Sorrow, however, was mingled with his gladness. It grieved him much that his mouth was stopped indefinitely from preaching Christ, and that he would be separated from his beloved people in Anwoth. “Sweet, sweet and easy is the cross of my Lord,” he wrote to Gordon of Earlston. “Only the remembrance of my fair days with Christ in Anwoth, and of my dear flock (whose case is my heart’s sorrow) is vinegar to my sugared wine. Yet both sweet and sour feed my soul.”
A small company of Anwoth friends accompanied him all the way to Aberdeen, and it was with heavy hearts they bade him farewell and turned their faces towards home. They left him in Aberdeen, it is said, “with great regret at the want of such a pastor, so holy, learned and modest”.
“I am by God’s mercy come now to Aberdeen,” he wrote to Robert Gordon in September 1636, “and settled in an honest man’s house. . . . I find the townsmen cold and dry in their kindness, yet I find a lodging in the heart of many strangers. . . . Now, my dear brother, forget not me, the prisoner of Christ, for I see very few here who kindly fear God.” “Northern love is cold,” he wrote to another, “but Christ and I will bear it.” “I find folks here kind to me,” he told Lady Kenmure, “but in the night and under their breath.” Faith Cook expresses his new situation well in her verses in Grace in Winter:
A borrowed house, a borrowed bed,
A fire, though not my own;
My sorrows these, but greater far
This grief my heart has known:
A scattered flock beyond my reach
And silent lips that long to preach.
My heaviness is mixed with joy,
For love has cast my chain;
His consolations swallow up
My tale of short-lived pain.
Then let my sufferings preach His name,
A silenced tongue His love proclaim!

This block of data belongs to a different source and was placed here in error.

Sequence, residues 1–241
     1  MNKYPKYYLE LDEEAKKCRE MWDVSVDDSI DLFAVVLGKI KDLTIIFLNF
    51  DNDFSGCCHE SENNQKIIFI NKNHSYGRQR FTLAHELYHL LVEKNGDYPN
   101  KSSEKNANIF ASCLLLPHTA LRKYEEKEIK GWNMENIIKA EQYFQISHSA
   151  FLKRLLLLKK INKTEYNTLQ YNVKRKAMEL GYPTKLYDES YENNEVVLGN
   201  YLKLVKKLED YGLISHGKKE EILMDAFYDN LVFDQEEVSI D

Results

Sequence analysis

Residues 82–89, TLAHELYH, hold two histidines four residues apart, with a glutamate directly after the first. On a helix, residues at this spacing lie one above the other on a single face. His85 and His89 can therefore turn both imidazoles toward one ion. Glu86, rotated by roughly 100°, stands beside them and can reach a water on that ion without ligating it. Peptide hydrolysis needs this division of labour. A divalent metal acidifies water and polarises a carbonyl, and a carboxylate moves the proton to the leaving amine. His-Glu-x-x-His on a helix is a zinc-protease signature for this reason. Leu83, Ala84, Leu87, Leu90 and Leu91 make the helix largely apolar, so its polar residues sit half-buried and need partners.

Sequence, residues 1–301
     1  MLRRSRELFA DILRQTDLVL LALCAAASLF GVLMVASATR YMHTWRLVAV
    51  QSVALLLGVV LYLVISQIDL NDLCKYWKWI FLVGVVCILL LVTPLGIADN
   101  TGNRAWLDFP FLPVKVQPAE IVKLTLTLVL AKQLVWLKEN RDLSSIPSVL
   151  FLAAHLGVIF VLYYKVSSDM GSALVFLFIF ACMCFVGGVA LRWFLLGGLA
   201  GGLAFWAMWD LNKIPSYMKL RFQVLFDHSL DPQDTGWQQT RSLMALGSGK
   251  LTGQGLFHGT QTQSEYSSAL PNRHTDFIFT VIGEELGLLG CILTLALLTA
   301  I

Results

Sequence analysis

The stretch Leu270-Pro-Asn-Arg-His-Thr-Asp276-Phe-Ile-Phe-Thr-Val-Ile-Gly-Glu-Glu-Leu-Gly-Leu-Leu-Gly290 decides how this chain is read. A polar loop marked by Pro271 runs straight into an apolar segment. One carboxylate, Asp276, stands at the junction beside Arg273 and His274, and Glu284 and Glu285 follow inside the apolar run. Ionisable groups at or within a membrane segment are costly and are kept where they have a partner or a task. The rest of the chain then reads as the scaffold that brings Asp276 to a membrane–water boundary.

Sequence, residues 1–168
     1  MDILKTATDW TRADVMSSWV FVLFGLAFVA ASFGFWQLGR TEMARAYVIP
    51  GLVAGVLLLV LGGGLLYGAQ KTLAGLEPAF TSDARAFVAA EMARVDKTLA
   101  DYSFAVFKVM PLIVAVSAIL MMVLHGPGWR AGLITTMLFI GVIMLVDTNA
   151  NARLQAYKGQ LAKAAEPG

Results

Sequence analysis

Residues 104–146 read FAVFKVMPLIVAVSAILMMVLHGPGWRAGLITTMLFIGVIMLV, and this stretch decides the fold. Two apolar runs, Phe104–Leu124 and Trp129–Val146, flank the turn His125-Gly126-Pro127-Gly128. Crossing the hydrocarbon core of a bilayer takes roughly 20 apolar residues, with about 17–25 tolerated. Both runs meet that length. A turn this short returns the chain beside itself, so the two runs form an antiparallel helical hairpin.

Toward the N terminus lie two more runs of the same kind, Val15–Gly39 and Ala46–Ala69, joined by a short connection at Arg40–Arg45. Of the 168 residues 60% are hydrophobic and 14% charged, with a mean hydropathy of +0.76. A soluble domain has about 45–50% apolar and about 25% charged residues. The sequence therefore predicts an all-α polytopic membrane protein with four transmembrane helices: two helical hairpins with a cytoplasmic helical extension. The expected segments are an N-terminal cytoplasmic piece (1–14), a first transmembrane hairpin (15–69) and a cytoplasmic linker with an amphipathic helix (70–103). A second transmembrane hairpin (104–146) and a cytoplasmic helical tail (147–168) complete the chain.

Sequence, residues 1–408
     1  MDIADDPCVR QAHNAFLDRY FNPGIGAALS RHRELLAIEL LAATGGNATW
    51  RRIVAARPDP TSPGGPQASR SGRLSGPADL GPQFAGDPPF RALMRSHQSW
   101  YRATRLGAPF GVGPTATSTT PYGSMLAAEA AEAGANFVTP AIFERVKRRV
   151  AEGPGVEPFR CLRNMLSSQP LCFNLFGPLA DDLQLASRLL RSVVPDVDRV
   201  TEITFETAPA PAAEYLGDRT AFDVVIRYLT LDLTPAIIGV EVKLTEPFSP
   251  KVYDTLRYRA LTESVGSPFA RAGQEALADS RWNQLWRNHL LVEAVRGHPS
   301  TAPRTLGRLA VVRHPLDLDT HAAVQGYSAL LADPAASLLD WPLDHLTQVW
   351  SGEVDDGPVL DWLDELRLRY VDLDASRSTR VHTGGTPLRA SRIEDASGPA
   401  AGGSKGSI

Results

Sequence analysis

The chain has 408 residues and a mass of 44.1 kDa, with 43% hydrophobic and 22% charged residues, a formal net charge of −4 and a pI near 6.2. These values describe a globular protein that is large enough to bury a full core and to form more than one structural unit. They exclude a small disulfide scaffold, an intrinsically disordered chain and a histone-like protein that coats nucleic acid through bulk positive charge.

The ecclesiastical and university authorities gave “the banished minister”, as he was known in the town, the coldest reception of all – and little wonder, for Aberdeen was a centre of support for Archbishop Laud. “They regarded Rutherford with much suspicion,” says Robert Gilmour in his biography, Samuel Rutherford – A Study, “and their aversion increased as he grew in favour with the people.” It was not long before controversy arose. Dr Robert Barron, Professor of Divinity in Marischal College, and a rank Arminian in doctrine, was a determined opponent of such men as Samuel Rutherford and David Dickson, and he relished the opportunity to engage Rutherford in debate. Rutherford wrote to George Gillespie, “I am here troubled with the disputes of the great doctors (especially with Dr B) in ceremonial and Arminian controversies, for all are corrupt here; but, I thank God, with no detriment to the truth, or discredit to my profession. So, then, I see that Christ can triumph in a weaker man nor I; and who can be more weak? But His grace is sufficient for me.” If Barron – “the Goliath of his party”, as Andrew Thompson described him – and his learned colleagues counted on an easy victory they were soon disillusioned. “Dr Barron hath often disputed with me,” wrote Rutherford to William Dalgleish, his predecessor at Anwoth, “especially about Arminian controversies, and for the ceremonies. Three yokings laid him by, and I have not been troubled with him since.”